NJ Case Raises Questions About Meghan's Laws

A New Jersey Case of 'horseplay' lands boys on the sex registry for life.

July 27, 2011— -- Legislators in states across the country rushed to enact laws to register sex offenders after some horrific cases that involved the abuse of youngsters at the hands of adults. But the laws have also been applied to cases that don't seem to fit the mold of sex predators who deserve a host of restrictions, often for the rest of their lives.

Just last week, two New Jersey boys who were 14 at the time of an offense that some have labeled as horseplay learned they must register for life as sex offenders. The case involves two New Jersey teens – now 16 - who held down a couple of 12-year-old boys and placed their bare buttocks on their faces.

An appellate court has judged the incident to be "roughhousing with sexual connotation." Under New Jersey's Megan's law, this ruling requires the teens to register as sex offenders for the rest of their lives, though they can only apply for a reversal -- in 15 years.

The boys' case had initially gone to trial, where they were found guilty of criminal sexual behavior. When asked to explain their behavior – one boy told the trial judge, "I did it cos I thought it was funny, and I was trying to get my friends to laugh." The trial judge, however, did not see the humor. He deemed the act was intended specifically to degrade the victims and therefore constituted criminal sexual conduct.

The second boy pled guilty to criminal sexual conduct and was given the same penalty. Both then unsuccessfully appealed.

Megan's Law, established in 1994 after the rape and murder of Megan Kamka by a previously convicted sex offender, can apply to young teens and even kids as young as 8. It usually requires those convicted of criminal sexual conduct against a minor to notify police of changes of address and employment for life.

States decide independently how to implement Megan's law, but where juveniles are required to register as sex offenders, it often means the defendant's picture, name, address and the nature of their crime is publicly disseminated. It can also mean the persons on the registry can't live near schools, playgrounds, day care centers or other places where there are children present.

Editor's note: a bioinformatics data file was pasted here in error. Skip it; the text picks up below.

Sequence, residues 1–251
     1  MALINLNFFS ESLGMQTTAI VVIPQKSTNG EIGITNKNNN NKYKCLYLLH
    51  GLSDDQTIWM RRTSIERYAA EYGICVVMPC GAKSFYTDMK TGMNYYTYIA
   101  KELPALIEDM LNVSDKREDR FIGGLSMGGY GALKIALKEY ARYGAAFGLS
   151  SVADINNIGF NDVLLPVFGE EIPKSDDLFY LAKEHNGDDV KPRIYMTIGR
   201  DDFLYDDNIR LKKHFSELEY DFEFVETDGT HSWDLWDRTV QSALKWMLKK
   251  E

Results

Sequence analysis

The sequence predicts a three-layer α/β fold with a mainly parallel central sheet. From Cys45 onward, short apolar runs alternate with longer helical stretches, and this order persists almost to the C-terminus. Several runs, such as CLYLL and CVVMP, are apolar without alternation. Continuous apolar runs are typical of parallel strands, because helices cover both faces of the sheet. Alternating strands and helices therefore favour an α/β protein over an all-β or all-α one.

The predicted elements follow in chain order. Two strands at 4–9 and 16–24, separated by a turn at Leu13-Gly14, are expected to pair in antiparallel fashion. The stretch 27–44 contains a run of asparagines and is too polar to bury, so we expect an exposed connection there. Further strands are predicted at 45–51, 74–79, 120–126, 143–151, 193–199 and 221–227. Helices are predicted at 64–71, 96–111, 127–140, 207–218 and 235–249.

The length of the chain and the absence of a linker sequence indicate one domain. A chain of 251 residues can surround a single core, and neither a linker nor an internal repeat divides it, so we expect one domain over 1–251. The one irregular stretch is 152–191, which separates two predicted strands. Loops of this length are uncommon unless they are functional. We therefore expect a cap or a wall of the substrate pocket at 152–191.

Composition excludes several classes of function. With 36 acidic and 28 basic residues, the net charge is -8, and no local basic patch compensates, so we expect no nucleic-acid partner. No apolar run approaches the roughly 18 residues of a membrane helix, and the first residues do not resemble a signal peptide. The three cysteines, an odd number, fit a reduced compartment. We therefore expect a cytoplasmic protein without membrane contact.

John S. Furlong, a New Jersey sex crime defense attorney, describes Megan's Law as "like a sledgehammer to a thumbtack. Punishment for bullying younger kids should be detention…" he says. "Forcing them to register for Megan's law is first beyond the pale and second, cheapens the law."

Although in this case the perpetrators and victims were similar ages, and both minors – the punishment still applies, meaning the two boys will be placed on the sex offender registry. The boys families appealed the ruling on the grounds that the sentence was unduly harsh; that the act committed amounted to horseplay and did not warrant the boys being forever branded sex offenders.

But judges in the appeals case ruled the action committed did, under the terms of Megan's Law, equate criminal sexual conduct. "Labeling these outrageous acts mere horseplay" runs counter to the clear language defining the offense of criminal sexual," read the appellate opinion. "Legislature defined 'sexual contact' as 'an intentional touching by the victim or actor, either directly or through clothing, of the victim's or actor's intimate parts for the purpose of degrading or humiliating the victim or sexually arousing or sexually gratifying the actor.'"

The appellate judges acknowledged that the consequences of their ruling, would be extreme for the two. "We are keenly aware that our decision may have profound lifelong ramifications for these two boys as well as others similarly situated," Judge Jose Fuentes wrote.